The young woman had been watching the nursery for days.
With her eye on a particular baby girl, she would appear only when the child's mother wasn't around. Having talked the nurses into believing she was the child's aunt, the woman would hold her, feed her and change her diapers.
But then the nightmare occurred at Children's Hospital, Columbus, Ohio. The woman was able to sneak into the nursery one night and steal the baby under the cover of darkness.
The kidnapping was the second from that nursery in the past two years. Luckily, both children were later found, unharmed.
Recently, Children's revamped its nursery security procedures, restricting access and requiring anyone entering to wear a badge with their names as proof that they had been cleared by security.
The kidnappings offer examples of the growing epidemic of hospital crime that's prompted many administrators to review and toughen their security measures.
"We had a man break into one of our (medical) office buildings, take a nurse hostage and shoot her," said Scott Parker, the chief executive officer of Intermountain Health Care, a Salt Lake City-based system of 24 hospitals in Idaho, Utah and Wyoming.
Although hostage-taking incidents are virtually impossible to prevent, an analysis of security at Intermountain's facilities identified areas where security needed to be tightened and heightened, he said.
"We have had waves of thievery. The hospital is loaded with very expensive technology," Mr. Parker said. "We had to review certain areas and seal them off."
In light of the escalating violence, which stems in large measure from the country's substance abuse problem, many hospitals now require that all prospective employees be tested to see if they're using drugs. Intermountain Health Care's hospitals don't require testing. However, hospital officials do conduct background checks on prospective employees.
Still, much of the crime problem comes from the outside, executives say. "We have had two armed robberies (of hospital employees) in the last three days," said Stuart Williams, executive director of Columbus' Children's Hospital. The hospital has its own internal security force, but it hires outside security firms to act as consultants and make suggestions on improvements. The hospital also hires off-duty Columbus police officers to strengthen its security unit, Mr. Williams said.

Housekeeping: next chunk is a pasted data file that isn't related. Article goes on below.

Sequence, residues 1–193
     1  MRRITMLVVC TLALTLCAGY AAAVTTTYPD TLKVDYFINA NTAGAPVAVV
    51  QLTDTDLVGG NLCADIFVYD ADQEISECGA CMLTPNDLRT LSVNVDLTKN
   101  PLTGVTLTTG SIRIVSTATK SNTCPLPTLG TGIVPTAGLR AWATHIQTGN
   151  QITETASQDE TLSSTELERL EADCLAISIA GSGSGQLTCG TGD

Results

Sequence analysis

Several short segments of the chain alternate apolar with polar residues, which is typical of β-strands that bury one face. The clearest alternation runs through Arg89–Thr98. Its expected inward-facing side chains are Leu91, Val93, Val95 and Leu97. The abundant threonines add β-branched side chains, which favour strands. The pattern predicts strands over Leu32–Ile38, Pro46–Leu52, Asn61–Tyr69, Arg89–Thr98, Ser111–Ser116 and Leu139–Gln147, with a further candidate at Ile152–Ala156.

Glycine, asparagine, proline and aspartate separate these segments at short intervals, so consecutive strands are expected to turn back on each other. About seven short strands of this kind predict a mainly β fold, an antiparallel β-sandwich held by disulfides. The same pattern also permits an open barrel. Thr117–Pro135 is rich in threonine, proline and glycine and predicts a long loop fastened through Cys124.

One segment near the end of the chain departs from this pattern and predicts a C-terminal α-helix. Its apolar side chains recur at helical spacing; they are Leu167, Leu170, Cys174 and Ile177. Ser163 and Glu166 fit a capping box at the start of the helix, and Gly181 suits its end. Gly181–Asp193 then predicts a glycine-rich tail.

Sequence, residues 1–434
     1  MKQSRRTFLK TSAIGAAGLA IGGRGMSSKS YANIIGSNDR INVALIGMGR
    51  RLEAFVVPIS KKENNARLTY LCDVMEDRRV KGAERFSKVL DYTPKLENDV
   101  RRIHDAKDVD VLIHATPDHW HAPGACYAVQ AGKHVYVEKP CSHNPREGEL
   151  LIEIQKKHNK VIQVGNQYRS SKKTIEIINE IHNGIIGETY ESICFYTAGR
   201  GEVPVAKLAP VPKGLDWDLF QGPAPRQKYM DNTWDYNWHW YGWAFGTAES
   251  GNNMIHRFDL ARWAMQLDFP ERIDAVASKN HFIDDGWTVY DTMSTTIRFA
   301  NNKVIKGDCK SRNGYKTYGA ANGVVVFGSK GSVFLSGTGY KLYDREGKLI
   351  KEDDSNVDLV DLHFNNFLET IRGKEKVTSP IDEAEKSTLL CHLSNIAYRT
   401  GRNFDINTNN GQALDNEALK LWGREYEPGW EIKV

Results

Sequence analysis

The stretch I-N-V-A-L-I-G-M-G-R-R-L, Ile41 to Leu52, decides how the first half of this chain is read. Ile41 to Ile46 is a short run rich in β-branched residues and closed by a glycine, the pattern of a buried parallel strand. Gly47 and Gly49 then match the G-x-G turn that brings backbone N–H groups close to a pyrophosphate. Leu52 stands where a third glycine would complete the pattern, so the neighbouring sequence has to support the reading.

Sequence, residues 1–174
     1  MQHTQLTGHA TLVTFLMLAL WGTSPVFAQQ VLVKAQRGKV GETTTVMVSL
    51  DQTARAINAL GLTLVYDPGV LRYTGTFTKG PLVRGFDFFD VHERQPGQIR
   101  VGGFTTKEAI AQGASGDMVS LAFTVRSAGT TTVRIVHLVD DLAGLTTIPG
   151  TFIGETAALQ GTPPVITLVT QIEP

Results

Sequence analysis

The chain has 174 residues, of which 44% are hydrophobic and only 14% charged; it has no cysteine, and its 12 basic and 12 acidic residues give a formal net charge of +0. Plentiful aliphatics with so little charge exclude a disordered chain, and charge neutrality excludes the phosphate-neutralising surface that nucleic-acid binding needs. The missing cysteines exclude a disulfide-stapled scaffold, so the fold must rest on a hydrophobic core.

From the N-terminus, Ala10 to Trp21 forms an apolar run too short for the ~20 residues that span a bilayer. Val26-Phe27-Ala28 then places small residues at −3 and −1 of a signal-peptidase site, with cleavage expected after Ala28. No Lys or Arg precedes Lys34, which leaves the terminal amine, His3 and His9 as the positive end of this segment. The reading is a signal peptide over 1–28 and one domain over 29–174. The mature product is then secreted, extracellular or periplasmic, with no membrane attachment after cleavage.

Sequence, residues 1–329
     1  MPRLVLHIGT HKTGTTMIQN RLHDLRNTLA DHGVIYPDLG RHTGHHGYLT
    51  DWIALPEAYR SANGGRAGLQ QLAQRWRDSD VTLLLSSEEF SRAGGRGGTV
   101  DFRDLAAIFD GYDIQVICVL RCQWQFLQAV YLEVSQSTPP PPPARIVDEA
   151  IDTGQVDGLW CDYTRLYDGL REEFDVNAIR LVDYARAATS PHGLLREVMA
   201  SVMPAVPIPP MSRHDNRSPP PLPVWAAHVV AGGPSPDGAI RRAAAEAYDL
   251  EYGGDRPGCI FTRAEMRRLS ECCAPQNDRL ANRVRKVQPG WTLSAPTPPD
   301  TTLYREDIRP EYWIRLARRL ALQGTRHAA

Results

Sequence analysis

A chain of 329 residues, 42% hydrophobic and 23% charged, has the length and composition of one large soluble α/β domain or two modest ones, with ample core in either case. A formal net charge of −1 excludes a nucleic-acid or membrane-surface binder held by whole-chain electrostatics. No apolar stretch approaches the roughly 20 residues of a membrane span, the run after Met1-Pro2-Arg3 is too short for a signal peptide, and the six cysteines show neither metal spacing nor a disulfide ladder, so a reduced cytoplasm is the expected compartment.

Two dogs regularly patrol the perimeter of the hospital. In addition, in the last decade the hospital has installed cameras with 24-hour tapes in various areas to videotape all activities, Mr. Williams said.
While many hospitals run their own security operations, private firms specializing in hospital security are making their mark, including Memphis, Tenn.-based Guardsmark.
"We are known for our extraordinary screening procedures for security officers," said John Clarke, president of Guardsmark's healthcare division.
In a three-day process, potential security officers fill out a 24-page application asking for personal references going back 10 years and names of neighbors the company can call for detailed background checks.
Mr. Clarke contends that his security firm can offer hospitals a higher level of expertise while saving them from 15% to 20% on what they're now spending on security measures.
But Mr. Clarke declined to discuss what it would cost an average hospital to contract with his company. He said costs vary depending on the size and type of hospital and what services it needs.
Guardsmark looks at all aspects of a hospital's operations to design a security package, including protection at reception areas, safeguarding equipment storage areas and changing certain hospital procedures, such as how drugs are stored and distributed.
A recent change Guardsmark implemented at one hospital involved creating a program for recording and controlling the release of patients' belongings.